NEWHD74FAN Experienced Member Retired Moderators

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    As Glider and Hobbit have eluded to...and the fact your fuel mileage went from 45 to 35 mpg sounds like you are running a little rich than lean...are both pipe exits coated with black soot like you are running rich?

    Just a little more evidence before minor tweaking with idle screw, and needle height may be all that is needed.
     
    Last edited: Aug 27, 2009
  6. ngjandm

    ngjandm Active Member

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    the back most pipe has a lot of soot, the front pipe does not. I assume then when its running good, there should be no soot, I just assumed soot came with the tailpipe territory. unfortunately I will not be able to rejet until I return from my business trip to Shanghai. too bad I can't bring my bike with me.

    I'll get a 46 for the main jet, should I just leave the pilot at 170? I have both a 165 and 175, though I will have to order the 46 main jet.

    of course i mixed up my jets again. 46 for the pilot, should I leave the main jet at 170.
     
    Last edited by a moderator: Sep 2, 2009
  7. glider

    glider Veteran Member

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    Quick and easy way of testing the main jet size.

    Run the bike through the gears into third gear and run third up to 60-70 MPH full throttle, then chop the throttle about 1/8 to 1/4 back and see if the bike either surges ahead or stumbles then recovers.

    If it surges ahead, your jetting is lean
    If it stumbles and recovers , your jetting is rich
    If it makes no difference, you're pretty close.
     
  8. ngjandm

    ngjandm Active Member

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    did this test, up to 70, releasing throttle seemed to make no difference. the more i ride it now, i can feel it sputter some times at throttling up to about 1/4. almost like its trying to burn too much gas, and sometimes what sounds like a pop, hesitates sometimes until the throttle is more open.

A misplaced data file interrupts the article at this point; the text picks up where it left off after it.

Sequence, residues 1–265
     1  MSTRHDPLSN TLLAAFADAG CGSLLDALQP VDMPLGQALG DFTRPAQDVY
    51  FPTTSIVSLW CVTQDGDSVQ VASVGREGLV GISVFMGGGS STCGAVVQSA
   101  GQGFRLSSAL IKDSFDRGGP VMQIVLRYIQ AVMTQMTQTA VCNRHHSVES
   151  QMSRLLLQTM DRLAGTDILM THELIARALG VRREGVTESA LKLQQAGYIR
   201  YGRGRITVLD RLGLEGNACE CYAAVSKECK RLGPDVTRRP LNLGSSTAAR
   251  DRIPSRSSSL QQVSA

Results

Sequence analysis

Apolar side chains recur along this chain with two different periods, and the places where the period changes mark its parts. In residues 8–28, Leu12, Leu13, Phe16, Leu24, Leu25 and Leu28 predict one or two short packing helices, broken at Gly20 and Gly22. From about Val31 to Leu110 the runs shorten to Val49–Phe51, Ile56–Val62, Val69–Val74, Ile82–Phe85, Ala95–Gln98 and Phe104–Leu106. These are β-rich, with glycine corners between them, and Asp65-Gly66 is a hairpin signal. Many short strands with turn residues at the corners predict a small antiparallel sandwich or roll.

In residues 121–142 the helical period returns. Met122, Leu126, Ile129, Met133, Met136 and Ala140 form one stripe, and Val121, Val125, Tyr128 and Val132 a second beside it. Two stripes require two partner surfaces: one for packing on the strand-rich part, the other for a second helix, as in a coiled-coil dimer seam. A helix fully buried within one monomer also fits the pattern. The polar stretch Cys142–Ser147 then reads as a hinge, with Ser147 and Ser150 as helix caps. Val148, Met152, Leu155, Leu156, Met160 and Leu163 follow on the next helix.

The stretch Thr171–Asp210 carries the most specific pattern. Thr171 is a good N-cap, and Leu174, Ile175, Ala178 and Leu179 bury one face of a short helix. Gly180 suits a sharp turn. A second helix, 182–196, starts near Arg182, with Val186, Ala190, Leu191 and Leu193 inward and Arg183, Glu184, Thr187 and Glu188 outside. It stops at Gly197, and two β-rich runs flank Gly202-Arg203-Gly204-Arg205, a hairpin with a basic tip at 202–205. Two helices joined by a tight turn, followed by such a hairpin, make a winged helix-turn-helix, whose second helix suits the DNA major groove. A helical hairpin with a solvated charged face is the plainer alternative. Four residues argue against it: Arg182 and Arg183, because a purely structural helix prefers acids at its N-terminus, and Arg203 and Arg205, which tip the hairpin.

9. TQuentin1

    TQuentin1 Well-Known Member Staff Member Moderator

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    You are just experimenting with what makes the bike feel best to you. If you have all the other jets, try the #46 pilot and the #175 main. Put a washer under the needle to get to the speed band quicker.

    Warm the bike up nicely, set the rpm about 1,200 and adjust the idle-air mixture screw until the rpm is at its peak, then back out the needle about another 1/8-1/4 turn. If you find that adjusting the needle makes NO difference, drop the pilot back to the #45 (but I doubt this will happen). Set the idle back to the normal range (about 1,000rpm). Run around for a week BEFORE changing anything more. Make sure any further changes are because they are necessary, not because you are being super sensitive.

    TQ
     
  10. glider

    glider Veteran Member

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    Raising the needle should overcome that sputter. It will bring in the fuel a bit earlier. It's probably the result of a lean transition between the fuel circuits as long as there are no intake leaks.